The former home secretary, David Blunkett ' who has long since whipped off the velvet glove of blindness and cuddly guide dogs, to become the government's iron man ' fell prey to the complications of his love-life at the end of 2004. He was succeeded by the education secretary, Charles Clarke. Clarke, a career politician known as 'Blair's Bruiser' is suffering a few bruises himself after the debacle of the new prevention of terrorism bill's rough ride through parliament last week. The toning down of the government's rushed attempt to gain extraordinary powers for detaining suspected terrorists left this big man looking somewhat deflated. He has returned this week, after a brief recuperation, to set about revoking his predecessor's legislation decriminalizing cannabis.
The anti-terrorism bill showed the increasingly exposed position of the prime minister. Implacable opposition from opposition parties and the House of Lords forced him to agree to ongoing reviews of the law. His attack on the opposition leader, Michael Howard, for putting politics and opportunism before national security is unsurprising, but looked like the attack of a cornered man. The ongoing inter-party dialogue of insults fails to improve the overall profile of politicians. The regrettable fact is that the electorate sees itself in general and questions of its security in this particular case, coming second to the egos of its leaders.
Some sections of the left and right take the view that Blair hoped for a defeat of the anti-terrorism legislation as a springboard to call the general election. With parties, including Labour, divided over the issue, it would have meant a campaign launched from quaking foundations. Howard is currently scoring popularity points against the prime minister. He is attempting a metamorphosis from hard-right home secretary under John Major, supporter of the detested poll and council taxes, a hardliner on everything from crime to abortion and the man of whom his colleague, Ann Widdicombe, a good right winger herself, said 'There is something of the night'. His popularity in his new touchy-feely move to the centre as environmentalist avatar has risen only in the face of Labour- Party problems and a sceptical electorate. It is difficult to believe that this paper mask of moderation would not slip if a Conservative government were elected, and shallow opportunism is unlikely to convince voters. It will take more than an unctuous smile for the Conservatives to give Labour a real run for their money.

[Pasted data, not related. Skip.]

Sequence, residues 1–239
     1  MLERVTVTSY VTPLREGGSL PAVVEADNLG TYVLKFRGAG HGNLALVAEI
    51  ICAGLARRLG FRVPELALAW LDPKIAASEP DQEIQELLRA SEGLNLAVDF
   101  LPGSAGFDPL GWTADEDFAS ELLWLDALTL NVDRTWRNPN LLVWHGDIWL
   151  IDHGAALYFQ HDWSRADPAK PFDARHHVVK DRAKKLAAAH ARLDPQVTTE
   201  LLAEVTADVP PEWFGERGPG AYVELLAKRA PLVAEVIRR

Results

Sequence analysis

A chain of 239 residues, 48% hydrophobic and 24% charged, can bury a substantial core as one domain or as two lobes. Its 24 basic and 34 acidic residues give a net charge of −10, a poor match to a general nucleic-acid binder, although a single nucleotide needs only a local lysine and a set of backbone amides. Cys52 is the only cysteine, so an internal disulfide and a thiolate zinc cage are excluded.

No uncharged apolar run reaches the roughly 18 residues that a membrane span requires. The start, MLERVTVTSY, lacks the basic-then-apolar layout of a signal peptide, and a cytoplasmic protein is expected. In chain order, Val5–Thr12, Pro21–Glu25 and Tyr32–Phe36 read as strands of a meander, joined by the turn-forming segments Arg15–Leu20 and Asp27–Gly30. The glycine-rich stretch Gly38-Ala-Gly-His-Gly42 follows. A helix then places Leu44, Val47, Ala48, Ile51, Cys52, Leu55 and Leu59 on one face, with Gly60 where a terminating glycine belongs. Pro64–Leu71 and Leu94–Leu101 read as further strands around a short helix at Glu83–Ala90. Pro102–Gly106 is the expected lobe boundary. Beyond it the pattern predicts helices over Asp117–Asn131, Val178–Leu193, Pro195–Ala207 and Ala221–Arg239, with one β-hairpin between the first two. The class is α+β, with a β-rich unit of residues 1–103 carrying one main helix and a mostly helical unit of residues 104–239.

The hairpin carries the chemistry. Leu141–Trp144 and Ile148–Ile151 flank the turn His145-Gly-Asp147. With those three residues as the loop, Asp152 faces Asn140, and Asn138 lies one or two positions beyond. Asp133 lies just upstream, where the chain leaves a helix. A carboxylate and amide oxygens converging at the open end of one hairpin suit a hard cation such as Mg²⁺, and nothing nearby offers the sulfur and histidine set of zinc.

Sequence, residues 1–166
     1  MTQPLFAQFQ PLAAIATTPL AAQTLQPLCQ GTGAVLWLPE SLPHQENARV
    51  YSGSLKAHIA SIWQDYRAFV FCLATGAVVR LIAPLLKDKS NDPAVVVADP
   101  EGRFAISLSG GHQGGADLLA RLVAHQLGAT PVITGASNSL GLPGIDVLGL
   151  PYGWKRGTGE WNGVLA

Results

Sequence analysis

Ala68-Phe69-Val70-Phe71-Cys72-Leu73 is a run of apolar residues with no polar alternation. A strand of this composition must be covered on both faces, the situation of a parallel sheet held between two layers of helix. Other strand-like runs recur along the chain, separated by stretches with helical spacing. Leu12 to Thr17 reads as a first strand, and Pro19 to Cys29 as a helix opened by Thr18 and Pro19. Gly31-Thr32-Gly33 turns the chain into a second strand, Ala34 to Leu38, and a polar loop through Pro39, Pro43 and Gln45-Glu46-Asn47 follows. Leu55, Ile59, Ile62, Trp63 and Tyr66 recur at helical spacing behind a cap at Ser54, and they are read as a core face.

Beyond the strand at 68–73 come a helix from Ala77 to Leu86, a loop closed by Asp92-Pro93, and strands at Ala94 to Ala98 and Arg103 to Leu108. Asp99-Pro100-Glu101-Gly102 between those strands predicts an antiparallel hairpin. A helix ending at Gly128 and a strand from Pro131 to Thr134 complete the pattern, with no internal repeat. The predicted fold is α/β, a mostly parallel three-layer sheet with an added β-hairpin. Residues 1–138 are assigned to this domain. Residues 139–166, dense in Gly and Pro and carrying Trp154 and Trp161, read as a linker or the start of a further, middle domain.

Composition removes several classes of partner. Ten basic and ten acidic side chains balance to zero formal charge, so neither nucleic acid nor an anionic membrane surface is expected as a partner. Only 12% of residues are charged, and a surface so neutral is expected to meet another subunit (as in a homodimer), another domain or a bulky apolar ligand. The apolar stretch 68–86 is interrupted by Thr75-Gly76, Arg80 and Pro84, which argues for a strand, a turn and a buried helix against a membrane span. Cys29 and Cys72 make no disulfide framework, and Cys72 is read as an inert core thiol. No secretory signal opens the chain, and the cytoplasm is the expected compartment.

In truth, with discussion of hung parliaments rife, however unpopular the government, it is hard to believe that the Conservatives are really hot competition. The Conservative long-term supporter is traditionally better at getting out and voting than the supporters of other parties and the party will certainly pick up a number of disaffected New Labour supporters. Unless an election campaign revitalizes unfashionable excitement in political process the turnout will probably be low. The massive swing required for the Conservatives to win is nigh on incredible. It is improbable that the Liberal Democrats will collect more than their usual handful of seats and the usual giant-killer win in some out-of-the-way constituency, allowing them to prophesy great things for the future. Their leader, Charles Kennedy, is a jolly good sort, a Scotsman who may or may not have a drink problem and is generally seen as likable and unthreatening. Neither he nor his party has the air of government about them. Their role will continue as occasional thorn in the side of both incumbent and opposition and guardians of good sense and moderation when havoc is called.
Perhaps the election campaign, when we finally finish the phoney war, will engender a new belief in the importance of our votes to the ruling of our country. Even if this is the case, it will hardly bring the major upheavals necessary to change the party of government. It seems more probable that the personalities of government and of opposition leadership will be shuffled. The Conservative Party needs to search through its files for the old leadership moulds if it is to have a relevant future. If I were a weary prime minister, I think I would be delighted to bow out gracefully. I fear, however, a renewal of the drawing and quartering of personalities which diminish our politicians at home and abroad as their entrails are chewed over in the press.